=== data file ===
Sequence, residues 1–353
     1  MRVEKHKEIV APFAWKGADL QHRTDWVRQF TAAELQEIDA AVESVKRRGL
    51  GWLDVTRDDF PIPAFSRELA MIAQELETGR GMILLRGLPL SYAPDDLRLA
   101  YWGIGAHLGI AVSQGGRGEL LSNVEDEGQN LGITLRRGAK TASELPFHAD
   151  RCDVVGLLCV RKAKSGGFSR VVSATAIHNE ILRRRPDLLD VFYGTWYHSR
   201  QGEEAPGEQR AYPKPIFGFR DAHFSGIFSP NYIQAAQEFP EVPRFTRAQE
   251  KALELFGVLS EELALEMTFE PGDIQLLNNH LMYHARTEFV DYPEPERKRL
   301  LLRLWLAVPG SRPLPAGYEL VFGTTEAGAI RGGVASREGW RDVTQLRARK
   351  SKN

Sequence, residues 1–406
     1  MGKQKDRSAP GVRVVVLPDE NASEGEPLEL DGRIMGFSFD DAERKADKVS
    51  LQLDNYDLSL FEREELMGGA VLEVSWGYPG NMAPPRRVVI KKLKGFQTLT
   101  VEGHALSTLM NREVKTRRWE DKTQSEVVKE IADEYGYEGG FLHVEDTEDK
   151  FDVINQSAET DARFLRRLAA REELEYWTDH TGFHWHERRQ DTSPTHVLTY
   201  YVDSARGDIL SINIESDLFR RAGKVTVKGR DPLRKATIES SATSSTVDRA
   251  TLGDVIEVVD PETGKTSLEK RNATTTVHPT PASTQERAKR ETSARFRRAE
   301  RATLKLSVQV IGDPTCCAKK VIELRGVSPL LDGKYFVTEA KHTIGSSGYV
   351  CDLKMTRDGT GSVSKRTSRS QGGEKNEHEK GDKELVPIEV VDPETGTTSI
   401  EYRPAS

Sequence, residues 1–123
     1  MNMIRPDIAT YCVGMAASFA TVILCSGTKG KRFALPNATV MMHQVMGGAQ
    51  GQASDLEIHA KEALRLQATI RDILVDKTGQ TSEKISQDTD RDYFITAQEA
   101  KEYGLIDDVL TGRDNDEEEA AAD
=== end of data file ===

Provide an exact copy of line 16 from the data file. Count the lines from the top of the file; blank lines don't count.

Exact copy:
   251  TLGDVIEVVD PETGKTSLEK RNATTTVHPT PASTQERAKR ETSARFRRAE